In the 2014 midterm election, Indiana was dead last in the nation for voter turnout.
Just over 28 percent of the state’s eligible voters cast a ballot last year. In 2010, Indiana ranked 42nd in the nation for voter turnout and the state persistently has been among five states with the lowest midterm voter turnout from 2002 to 20014, along with New York, West Virginia, Mississippi and Texas.
“The last time Indiana was in the top 25 for voter turnout nationwide was in 1982,” said George Pillsbury, senior consultant for Nonprofit VOTE and author of the report “America Goes to the Polls 2014: A Report on Voter Turnout for the Midterm 2014 Election.”
The 2014 midterm marked the lowest national voter turnout since World War II, with just 36.6 percent of eligible Americans voting, down from the 42 percent who voted in 2010, according to the Nonprofit VOTE report. Voter turnout varied by state in 2014, with Maine leading the nation with 58.5 percent turnout, followed by Wisconsin at 56.8 percent and Colorado at 54.5 percent, according to the report.
Vigo County reflected Indiana in the 2014 midterm, with 28.5 percent voter turnout in the general election, but just 16.6 percent turnout in the primary election. In the 2010 midterm election, Vigo County voter turnout was 40.2 percent in the general election and 25.5 percent in the primary election.
Reasons for low turnout vary, but one reason impacting Indiana is its midterm elections do not have presidential or gubernatorial candidates, said Brian Miller, executive director of Nonprofit VOTE. “A lack of competitive races is one reason for low voter turnout,” Miller said.
The Boston-based Nonprofit VOTE was founded in 2005 by a consortium of state nonprofit associations and national nonprofit networks to provide resources and training for the nonprofit sector on how to conduct nonpartisan voter participation and election activities, according to the organization’s website.
The report states that midterm elections are consistently 15 to 25 points lower for turnout than in presidential years. The biggest drop, according to the report, is among voters under 40 “yielding a much older, less diverse electorate,” the report states. More than half the decline in votes between 2010 and 2014 came from four states: California, New York, Ohio, and Texas. None of those large, populous states had competitive elections in 2014, the report states.
Some other reasons, stated in the report, for not voting include 35 percent citing schedule conflicts with work and school; 34 percent said too busy, out of town or forgot to vote; 20 percent said they didn’t like the candidates, didn’t know enough or didn’t care; and 10 percent missed registration deadline, recently moved or had no transportation.
Miller, and the report, suggests that voter turnout can be reversed through election day registration, a method used in 10 states, plus the District of Columbia. That allows a qualified resident of the state to go to the polls on election day, register that day and then vote.
“Most people live busy lives and are juggling many things and do not educate themselves or are not focusing on the elections until weeks before the election,” Miller said. “But by that time, it is too late to get registered.”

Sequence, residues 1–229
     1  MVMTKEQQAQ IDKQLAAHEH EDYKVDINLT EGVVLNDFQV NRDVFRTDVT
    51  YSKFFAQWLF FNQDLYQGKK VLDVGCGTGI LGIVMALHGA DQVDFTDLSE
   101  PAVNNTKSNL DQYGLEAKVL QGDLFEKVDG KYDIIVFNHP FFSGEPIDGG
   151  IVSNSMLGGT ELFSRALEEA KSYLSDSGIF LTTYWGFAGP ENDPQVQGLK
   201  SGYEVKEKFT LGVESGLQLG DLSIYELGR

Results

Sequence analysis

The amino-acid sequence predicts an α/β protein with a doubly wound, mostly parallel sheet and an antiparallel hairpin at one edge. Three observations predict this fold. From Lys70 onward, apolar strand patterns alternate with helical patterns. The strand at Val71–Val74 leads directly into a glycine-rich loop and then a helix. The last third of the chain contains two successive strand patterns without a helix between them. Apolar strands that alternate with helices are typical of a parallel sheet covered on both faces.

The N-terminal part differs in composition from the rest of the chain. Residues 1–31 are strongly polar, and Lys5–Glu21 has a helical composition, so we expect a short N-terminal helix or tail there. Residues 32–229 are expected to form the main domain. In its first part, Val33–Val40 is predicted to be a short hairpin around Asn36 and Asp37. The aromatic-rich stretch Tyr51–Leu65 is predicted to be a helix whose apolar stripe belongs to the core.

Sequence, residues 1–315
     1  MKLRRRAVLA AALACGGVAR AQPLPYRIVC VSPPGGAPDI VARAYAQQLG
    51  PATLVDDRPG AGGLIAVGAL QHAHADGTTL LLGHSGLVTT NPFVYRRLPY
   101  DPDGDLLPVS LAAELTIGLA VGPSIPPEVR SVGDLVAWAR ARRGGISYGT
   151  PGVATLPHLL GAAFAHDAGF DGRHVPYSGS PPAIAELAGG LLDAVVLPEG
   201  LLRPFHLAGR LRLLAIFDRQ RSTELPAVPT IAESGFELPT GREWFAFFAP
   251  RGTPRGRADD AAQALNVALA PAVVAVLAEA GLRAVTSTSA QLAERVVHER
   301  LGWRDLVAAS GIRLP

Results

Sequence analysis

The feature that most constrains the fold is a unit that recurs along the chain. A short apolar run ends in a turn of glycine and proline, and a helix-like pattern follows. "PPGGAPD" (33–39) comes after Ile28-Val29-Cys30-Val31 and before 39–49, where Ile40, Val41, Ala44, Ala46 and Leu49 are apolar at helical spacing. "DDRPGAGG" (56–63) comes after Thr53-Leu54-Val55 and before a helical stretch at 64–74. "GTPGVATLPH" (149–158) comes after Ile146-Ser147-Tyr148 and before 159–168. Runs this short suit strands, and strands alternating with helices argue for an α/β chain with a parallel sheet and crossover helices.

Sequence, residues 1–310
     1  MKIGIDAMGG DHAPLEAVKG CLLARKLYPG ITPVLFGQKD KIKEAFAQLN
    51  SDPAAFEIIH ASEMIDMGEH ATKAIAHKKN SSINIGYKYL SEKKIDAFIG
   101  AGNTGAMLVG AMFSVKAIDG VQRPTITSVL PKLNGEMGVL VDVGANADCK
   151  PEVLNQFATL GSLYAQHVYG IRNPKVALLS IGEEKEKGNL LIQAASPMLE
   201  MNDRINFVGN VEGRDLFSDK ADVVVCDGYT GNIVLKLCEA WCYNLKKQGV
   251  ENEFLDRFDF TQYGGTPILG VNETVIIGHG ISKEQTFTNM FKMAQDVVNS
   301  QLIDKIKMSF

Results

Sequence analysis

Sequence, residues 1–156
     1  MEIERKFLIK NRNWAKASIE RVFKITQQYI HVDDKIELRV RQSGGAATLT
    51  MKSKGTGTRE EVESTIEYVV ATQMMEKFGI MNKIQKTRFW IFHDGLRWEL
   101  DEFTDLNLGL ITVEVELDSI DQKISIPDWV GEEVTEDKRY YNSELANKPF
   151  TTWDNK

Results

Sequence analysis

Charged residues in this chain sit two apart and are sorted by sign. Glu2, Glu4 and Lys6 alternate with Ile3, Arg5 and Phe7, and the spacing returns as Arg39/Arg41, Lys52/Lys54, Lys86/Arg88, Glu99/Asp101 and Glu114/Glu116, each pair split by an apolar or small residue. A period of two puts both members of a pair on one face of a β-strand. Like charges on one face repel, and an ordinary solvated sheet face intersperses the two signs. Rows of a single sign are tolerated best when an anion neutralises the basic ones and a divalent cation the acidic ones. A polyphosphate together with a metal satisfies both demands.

Most states require voters to register before an election. Indiana requires a voter to register 29 days prior to an election. Indiana county clerks must then offer at least one site to accept early voting, by casting an absentee ballot, 28 days prior to the election.
"Colorado is now third in the nation" for voter turnout, Pillsbury said. “A lot of that had to do with same-day registration. It is a system with a proven track record of 40 years. Maine, Minnesota and Wisconsin adopted it in 1974 and the next wave of states came in the 1990s.”
Yet Colorado, like the state of Washington, relies on mailing ballots. If a Colorado resident registers to vote by mail or online eight days before an election, a ballot is mailed to the voter. If a voter registers during a voter registration drive, that application must be submitted no later than 22 days before the election.
Any Colorado resident who wishes to register within seven days of the election or on election day must visit a voter service and polling center.
“I am all for more voter turnout, and I am not totally opposed to same-day registration, but I think it would really slow the process,” said Vigo County Clerk Dave Crockett. “If people really want to vote, in my opinion, there is plenty of time to register. They have six months between each election to register, but like a lot of other things, people wait until the last minute.”
Crockett said the county now offers vote centers that are open weeks before the election. It allows voters to cast an absentee ballot on their own time, instead of just on election day, the clerk said. Crockett said one method he suggests to increase voter turnout is to extend voting time by an hour, to 7 p.m., instead of 6 p.m., to allow more voters to get to voting sites after work.
Miller said vote centers, while a cost-saving measure and generally liked by voters, “just shifts when people vote. Election-day registration impacts voter turnout. A competitive election also impacts election turnout,” he said. The report shows that seven of the top 10 states in voter turnout use election-day registration. Those states are Maine, Wisconsin, Colorado, Minnesota, Iowa, New Hampshire and Montana.
In addition, nine of the top 10 states with high voter turnout had competitive statewide races. None of the bottom 20 did, Miller said. Voter turnout averaged 11 points — 33 percent — higher in 22 states with competitive statewide races for governor, compared to states without such a race, the report states.
The America Goes to the Polls 2014 report is available at www.nonprofitvote.org/americagoestothepolls2014.
Howard Greninger can be reached at (812) 231-4204 or email@example.com.